DU Alumni

Flawed power grid inspires Ugandan student to pursue degree in electrical engineering

Shem Kikamaze came to DU to pursue the education and know-how that would help his country address its power problems. Courtesy photo

Shem Kikamaze came to DU to pursue the education and know-how that would help his country address its power problems. Courtesy photo

For Shem Kikamaze, the light bulb clicked on when the electricity went off.

As a high school student in his hometown of Kampala, Uganda, where outages are a recurring problem, Kikamaze came to value every jolt of power. “It is always going on and off,” he says of the electricity. “It affects a lot of people. Students can’t study [at night] except by candlelight.” And consider, he adds, the problems an unreliable power grid pose for hospitals, where life-saving and disease-diagnosing machinery relies on a steady current.

So Kikamaze, a self-described math, science and technology geek, had an idea: He’d pursue the education and know-how that would help his country address its power problems.

Kikamaze didn’t know then just which professions might best tackle the job, so he Googled his way to an answer and began compiling a list of universities with solid electrical engineering programs. He was interested in U.S. schools partly because of the country’s much-touted emphasis on efficiency. “The U.S. is famous for that,” he explains.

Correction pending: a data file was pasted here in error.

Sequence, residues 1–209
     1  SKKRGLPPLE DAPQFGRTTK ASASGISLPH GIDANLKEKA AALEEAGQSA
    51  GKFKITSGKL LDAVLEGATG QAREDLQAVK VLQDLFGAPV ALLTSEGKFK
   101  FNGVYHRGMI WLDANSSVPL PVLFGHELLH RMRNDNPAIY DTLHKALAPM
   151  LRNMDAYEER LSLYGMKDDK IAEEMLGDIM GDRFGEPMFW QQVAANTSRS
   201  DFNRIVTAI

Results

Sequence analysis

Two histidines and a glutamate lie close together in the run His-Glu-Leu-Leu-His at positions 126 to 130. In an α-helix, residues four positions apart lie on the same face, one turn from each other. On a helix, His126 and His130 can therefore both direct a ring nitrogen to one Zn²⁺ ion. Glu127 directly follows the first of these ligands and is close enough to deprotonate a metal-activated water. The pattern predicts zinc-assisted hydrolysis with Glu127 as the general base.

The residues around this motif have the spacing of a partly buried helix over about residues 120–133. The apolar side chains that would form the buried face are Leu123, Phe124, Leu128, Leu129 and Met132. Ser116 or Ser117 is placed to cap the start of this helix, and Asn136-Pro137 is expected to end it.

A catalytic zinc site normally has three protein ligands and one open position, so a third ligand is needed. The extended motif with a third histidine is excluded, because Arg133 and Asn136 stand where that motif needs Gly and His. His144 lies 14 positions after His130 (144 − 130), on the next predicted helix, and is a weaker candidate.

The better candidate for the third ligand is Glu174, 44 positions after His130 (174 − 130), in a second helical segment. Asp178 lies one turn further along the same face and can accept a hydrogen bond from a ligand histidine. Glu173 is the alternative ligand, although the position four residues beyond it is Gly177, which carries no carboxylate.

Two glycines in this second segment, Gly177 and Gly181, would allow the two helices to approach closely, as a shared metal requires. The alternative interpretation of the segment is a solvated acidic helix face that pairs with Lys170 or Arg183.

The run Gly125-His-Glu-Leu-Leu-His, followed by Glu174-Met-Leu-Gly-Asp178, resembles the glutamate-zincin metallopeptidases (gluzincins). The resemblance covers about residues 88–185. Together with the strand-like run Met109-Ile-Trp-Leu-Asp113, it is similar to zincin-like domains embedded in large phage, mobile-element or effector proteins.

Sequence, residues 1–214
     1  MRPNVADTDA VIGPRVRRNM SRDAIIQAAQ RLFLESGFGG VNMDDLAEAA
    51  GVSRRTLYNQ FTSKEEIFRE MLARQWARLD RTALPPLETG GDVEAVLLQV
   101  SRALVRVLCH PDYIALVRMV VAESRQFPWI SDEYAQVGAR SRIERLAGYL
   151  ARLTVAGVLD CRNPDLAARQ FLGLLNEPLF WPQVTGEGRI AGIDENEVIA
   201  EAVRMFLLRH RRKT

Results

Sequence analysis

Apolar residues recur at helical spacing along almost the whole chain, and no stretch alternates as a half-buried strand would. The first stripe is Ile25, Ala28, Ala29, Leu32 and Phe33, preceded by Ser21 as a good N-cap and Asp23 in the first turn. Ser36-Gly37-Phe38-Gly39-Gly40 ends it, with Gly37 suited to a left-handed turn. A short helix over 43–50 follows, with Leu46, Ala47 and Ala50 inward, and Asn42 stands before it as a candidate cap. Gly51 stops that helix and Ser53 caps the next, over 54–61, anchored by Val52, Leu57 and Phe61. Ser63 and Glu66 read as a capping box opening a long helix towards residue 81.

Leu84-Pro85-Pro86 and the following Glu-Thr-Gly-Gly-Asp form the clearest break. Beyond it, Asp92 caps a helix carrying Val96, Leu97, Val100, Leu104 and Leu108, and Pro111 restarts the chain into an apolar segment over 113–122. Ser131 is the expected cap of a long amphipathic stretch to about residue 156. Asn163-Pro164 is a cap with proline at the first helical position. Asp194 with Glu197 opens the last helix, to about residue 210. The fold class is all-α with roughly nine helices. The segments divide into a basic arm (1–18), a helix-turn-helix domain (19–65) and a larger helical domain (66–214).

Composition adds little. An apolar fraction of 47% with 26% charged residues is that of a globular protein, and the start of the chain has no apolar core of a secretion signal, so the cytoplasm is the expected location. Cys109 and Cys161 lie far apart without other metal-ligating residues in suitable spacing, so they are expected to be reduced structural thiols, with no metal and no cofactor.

When the University of Denver offered him the four-year, full-tuition Fraiberg Scholarship, established to help students from war-torn nations, Kikamaze packed his bag, arriving on campus just as the institution was preparing to host the first 2012 presidential debate. It was an exciting time at DU, and Kikamaze was delighted to witness events that were attracting the world’s attention.

Four years and countless kilowatts of brainpower later, Kikamaze collected his degree alongside the other members of the Class of 2016. His time on campus was characterized by aha moments and door-opening opportunities — some serendipitous, some of his own creation. It was also marked by a smattering of lows and a host of highs.


Among the aha moments:

Before coming to Denver, Kikamaze’s experience of winter was solely vicarious, acquired mainly through magazine articles and television programs. Uganda straddles the equator, so he had no need there for parkas and gloves. And based on photos of tourists frolicking in the snow, he thought winter couldn’t possibly bite.

When he told his friends he was bound for Colorado, they expressed concern about how he’d handle the cold. Don’t worry, he rashly told them, “‘There is no place that can be as cold as my fridge.”